Vatican City, Sep 22, 2020 / 09:00 am
Palliative care for the dying is important, but medical interventions are not enough; Catholics have a responsibility to be with the suffering and to communicate the hope of Christ, a new Vatican document on euthanasia said Tuesday.
While palliative care is “essential and invaluable,” it is not enough, a letter from the Congregation for the Doctrine of the Faith said.
“Palliative care cannot provide a fundamental answer to suffering or eradicate it from people’s lives,” the congregation said. “To claim otherwise is to generate a false hope, and cause even greater despair in the midst of suffering.”
“Medical science can understand physical pain better and can deploy the best technical resources to treat it. But terminal illness causes a profound suffering in the sick person, who seeks a level of care beyond the purely technical,” it continued.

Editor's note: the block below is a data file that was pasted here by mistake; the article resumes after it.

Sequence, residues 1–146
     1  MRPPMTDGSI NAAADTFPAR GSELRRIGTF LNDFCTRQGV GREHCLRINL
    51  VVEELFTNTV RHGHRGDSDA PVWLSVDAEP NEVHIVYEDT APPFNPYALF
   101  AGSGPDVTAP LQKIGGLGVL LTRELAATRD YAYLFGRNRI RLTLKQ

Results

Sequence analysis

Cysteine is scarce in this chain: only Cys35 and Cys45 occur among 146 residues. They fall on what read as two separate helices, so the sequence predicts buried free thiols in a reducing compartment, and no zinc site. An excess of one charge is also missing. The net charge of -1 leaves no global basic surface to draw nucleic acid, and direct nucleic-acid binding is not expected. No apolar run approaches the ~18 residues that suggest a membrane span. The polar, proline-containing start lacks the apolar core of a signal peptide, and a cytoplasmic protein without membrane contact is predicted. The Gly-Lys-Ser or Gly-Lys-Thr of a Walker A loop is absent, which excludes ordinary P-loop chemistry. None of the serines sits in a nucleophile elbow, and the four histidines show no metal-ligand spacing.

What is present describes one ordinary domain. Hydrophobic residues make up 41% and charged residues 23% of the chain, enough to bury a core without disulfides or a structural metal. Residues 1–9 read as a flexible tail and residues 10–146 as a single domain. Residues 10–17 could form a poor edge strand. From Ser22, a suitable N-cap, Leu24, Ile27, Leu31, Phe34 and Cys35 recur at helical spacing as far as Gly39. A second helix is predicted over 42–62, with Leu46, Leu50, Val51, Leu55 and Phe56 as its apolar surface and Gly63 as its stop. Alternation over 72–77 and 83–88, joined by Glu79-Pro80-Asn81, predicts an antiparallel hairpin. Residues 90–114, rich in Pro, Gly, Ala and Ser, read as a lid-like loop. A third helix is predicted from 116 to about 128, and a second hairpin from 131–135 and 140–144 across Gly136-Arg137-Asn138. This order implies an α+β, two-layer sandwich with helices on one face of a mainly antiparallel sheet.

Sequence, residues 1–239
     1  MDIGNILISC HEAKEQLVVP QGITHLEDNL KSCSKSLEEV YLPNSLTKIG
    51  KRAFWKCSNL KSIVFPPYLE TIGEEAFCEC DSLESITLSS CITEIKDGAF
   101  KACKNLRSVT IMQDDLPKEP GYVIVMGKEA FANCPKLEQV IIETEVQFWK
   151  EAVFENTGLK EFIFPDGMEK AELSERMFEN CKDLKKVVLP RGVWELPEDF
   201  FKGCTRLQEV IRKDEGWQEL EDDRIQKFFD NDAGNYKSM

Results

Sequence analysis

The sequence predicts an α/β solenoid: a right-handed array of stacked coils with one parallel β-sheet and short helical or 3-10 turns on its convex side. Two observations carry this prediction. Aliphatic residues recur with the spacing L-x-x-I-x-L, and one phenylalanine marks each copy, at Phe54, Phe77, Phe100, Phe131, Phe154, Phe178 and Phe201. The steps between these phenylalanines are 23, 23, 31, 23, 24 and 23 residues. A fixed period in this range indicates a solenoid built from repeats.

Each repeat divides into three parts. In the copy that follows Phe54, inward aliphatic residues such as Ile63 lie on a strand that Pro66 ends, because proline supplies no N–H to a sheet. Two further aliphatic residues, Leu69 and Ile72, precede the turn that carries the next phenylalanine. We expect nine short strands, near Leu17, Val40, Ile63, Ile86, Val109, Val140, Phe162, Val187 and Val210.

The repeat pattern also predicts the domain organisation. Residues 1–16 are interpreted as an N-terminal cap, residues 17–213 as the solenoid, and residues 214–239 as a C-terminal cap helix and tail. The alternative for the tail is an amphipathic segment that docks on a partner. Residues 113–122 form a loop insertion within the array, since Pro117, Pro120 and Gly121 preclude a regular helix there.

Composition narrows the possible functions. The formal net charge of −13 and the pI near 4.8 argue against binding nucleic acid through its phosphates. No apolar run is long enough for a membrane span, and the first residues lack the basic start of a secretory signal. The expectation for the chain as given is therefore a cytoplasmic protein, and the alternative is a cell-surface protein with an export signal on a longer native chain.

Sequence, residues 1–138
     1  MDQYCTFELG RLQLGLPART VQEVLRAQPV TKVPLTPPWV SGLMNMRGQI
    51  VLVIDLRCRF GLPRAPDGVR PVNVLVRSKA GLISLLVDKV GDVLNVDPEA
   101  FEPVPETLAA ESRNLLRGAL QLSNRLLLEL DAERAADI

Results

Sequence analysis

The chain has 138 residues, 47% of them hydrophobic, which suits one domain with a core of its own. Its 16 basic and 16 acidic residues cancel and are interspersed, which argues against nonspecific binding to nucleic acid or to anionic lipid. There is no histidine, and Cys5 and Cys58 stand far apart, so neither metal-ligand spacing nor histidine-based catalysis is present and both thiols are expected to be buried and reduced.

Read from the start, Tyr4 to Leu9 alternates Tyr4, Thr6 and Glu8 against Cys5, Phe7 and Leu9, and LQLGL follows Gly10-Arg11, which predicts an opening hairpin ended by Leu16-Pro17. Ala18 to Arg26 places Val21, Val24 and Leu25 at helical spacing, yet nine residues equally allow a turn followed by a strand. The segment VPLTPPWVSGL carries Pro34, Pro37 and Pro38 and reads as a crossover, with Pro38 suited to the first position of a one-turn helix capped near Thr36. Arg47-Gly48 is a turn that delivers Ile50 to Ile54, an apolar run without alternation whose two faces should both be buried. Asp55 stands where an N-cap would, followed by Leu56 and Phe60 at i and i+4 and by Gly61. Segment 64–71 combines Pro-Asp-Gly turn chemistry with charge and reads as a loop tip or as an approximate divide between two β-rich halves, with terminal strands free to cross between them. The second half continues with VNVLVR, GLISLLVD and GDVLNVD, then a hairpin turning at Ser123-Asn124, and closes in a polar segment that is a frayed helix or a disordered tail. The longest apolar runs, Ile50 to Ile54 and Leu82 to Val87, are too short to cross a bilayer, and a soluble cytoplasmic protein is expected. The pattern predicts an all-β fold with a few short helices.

“Palliative care in itself is not enough unless there is someone who ‘remains’ at the bedside of the sick to bear witness to their unique and unrepeatable value. Pain is existentially bearable only where there is hope.”
The CDF presented the 45-page letter, Samaritanus bonus: on the Care of Persons in the Critical and Terminal Phases of Life, at a press conference Sept. 22. It was approved by Pope Francis on June 25 and signed by CDF prefect Cardinal Luis Ladaria and secretary Archbishop Giacomo Morandi.
The letter reaffirmed Catholic teaching on a range of end-of-life issues, underlining the moral impermissability of euthanasia and assisted suicide, and recalling the obligation of Catholics to accompany the sick and dying through prayer, physical presence, and the sacraments.
The Vatican document also pointed out what it described as cultural obstacles obscuring the intrinsic value of every human life: the notion of “dignified death” as measured by a person’s so-called “quality of life,” a false understanding of compassion, and an individualism which sees the other as a limitation or threat to one’s freedom.